Preparing the source content meant going through about fifteen recorded minutes of semi-structured blues improvisation over a number of overdubbed instruments, and macro-editing. The editing process consisted of keeping the best sections, shortening the long jam and marking bars, beats and short segments that felt inspiring as sources for sample-based creation. I did not engage in much if any micro-editing, such as correcting the relationship of instruments on the multitrack, or replacing poorer- with better-performed segments on individual instruments or the whole arrangement. That’s because the point was not to create a releasable stand-alone blues production, but to extract effective moments for subsequent sampling: A process akin to ‘digging in the crates’, only the crates here being many minutes of long improvisations.

Once the segments were extracted (bounced) from Ableton (the DAW I use to record the jams due to its user-friendly tracking operation), I brought them into Logic (the DAW, which – alongside ProTools – I favour for mixing tasks) where I post-produced them with a sonic focus on pursuing vintage characteristics: deploying analogue pre-amp, channel and tape emulations, as well as era-referential spatial effects (reverbs and delays) in order to achieve a tonal footprint leveraging ‘glue’, summing and media signatures relevant to the era referenced. Over 100 mixed segments where then extracted, and imported and allocated onto the drum pads of the physical MPC drum machine, to be later triggered as digital files.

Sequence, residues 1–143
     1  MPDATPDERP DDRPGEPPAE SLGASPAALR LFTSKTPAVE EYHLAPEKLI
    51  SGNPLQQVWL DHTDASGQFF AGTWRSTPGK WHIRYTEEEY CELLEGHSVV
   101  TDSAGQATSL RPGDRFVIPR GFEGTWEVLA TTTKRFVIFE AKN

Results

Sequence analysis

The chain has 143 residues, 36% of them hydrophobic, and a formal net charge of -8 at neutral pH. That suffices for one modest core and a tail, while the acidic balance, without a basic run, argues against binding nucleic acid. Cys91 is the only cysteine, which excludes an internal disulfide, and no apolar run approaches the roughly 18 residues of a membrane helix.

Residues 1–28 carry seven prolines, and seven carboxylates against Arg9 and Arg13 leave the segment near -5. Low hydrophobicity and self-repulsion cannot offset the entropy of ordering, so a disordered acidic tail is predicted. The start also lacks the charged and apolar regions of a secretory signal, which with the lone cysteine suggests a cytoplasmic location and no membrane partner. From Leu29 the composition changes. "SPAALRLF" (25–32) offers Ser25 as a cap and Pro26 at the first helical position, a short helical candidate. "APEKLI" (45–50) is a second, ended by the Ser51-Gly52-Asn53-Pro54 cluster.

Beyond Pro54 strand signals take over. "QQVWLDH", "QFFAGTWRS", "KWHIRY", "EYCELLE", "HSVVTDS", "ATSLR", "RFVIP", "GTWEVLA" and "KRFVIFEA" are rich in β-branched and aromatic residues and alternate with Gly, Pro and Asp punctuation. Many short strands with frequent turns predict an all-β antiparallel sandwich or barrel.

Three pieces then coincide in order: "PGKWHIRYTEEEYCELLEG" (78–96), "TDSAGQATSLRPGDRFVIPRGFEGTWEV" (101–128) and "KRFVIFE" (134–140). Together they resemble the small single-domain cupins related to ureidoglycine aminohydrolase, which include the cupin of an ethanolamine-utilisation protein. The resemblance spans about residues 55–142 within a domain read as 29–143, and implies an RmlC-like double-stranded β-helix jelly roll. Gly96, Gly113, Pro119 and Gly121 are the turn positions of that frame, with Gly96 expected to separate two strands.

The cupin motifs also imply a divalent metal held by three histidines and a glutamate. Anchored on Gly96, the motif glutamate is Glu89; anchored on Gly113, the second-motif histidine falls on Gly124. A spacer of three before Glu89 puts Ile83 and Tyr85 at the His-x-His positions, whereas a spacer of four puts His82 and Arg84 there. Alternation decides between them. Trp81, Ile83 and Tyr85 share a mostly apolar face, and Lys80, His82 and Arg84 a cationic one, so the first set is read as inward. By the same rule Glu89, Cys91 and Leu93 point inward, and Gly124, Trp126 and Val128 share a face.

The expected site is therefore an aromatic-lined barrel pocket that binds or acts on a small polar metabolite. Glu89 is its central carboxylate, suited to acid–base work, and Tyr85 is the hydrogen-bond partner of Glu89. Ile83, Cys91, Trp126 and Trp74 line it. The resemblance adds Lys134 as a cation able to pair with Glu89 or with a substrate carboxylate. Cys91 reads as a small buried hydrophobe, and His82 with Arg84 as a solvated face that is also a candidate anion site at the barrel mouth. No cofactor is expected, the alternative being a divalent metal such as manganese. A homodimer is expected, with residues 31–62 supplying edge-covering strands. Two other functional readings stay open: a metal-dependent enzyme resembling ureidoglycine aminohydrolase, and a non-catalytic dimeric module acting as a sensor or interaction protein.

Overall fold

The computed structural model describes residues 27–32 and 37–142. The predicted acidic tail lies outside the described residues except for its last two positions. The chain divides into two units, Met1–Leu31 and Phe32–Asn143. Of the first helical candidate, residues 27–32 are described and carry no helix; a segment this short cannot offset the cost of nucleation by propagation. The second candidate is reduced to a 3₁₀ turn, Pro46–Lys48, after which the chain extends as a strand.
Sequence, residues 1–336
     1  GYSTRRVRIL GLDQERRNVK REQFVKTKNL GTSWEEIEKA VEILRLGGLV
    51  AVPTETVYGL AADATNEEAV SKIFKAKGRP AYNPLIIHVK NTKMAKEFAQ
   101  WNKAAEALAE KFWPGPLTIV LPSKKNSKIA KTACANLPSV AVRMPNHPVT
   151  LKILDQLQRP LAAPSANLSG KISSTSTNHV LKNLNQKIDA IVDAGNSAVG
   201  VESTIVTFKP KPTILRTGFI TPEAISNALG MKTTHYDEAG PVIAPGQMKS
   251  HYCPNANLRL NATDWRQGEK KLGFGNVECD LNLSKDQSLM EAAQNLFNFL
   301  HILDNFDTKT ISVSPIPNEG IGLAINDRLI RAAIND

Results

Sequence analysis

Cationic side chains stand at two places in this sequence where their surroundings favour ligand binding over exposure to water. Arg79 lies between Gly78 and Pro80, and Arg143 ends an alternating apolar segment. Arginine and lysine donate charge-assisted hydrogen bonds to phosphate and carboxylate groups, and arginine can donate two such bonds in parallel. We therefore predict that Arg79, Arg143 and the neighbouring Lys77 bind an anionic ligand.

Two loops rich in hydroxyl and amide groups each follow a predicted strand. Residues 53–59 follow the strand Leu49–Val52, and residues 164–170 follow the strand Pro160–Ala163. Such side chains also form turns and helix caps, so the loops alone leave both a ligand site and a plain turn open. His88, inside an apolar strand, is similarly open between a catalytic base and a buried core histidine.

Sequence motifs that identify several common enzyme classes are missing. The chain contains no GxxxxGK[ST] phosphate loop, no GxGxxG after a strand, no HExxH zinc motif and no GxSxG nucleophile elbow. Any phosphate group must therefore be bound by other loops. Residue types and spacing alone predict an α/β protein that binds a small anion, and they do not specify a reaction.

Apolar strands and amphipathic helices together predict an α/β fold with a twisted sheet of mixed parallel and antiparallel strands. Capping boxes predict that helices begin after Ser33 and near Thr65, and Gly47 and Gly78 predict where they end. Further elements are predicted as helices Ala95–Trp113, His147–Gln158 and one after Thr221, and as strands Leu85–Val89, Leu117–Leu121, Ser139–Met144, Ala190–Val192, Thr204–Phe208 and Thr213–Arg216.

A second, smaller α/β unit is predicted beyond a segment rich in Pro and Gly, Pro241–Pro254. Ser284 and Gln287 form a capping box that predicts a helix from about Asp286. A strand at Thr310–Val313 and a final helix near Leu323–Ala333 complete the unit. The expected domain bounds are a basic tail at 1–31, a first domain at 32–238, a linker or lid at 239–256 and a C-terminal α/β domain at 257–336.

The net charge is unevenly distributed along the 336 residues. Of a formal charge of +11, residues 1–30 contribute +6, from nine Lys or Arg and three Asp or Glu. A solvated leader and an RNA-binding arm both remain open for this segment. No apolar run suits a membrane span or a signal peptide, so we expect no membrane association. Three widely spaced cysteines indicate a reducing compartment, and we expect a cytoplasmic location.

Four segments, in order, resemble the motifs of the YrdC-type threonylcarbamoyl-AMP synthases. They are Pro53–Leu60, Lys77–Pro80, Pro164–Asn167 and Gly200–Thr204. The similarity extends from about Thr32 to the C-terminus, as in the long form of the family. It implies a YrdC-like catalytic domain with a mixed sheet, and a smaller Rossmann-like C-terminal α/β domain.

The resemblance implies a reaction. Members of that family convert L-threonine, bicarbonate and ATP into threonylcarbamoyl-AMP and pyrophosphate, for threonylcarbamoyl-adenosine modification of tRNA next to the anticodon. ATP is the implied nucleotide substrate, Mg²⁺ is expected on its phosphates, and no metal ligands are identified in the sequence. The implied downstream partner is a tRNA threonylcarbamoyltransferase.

The moment before ‘hitting’ (triggering) the chopped segments via the physical drum pads on the MPC is one ‘loaded’ with anticipation, creative potential and excitement. Previously, the samples would have been short phonographic segments from released discography, often (de)tuned to new tempi and keys, and most likely assigned to a programme on the MPC with two important operational choices selected: a polyphony of one (monophonic), and one-shot triggering. The second option allows for a sample to play out until the end of its duration, without the need for holding on to the drum pad (like you would have to do on an organ key for a legato effect). The first option results in new samples triggered automatically muting previous ones playing, and effectively stopping any overlaps of content. This is both beneficial to the mix, avoiding the accidental juxtaposition of (already full-range, multitrack) content, but also in facilitating exciting rhythmical interactions between the triggering and included musical content; the rhythmical triggering of the samples interacts in a meta-sense with the included rhythmical interactions present in the recordings.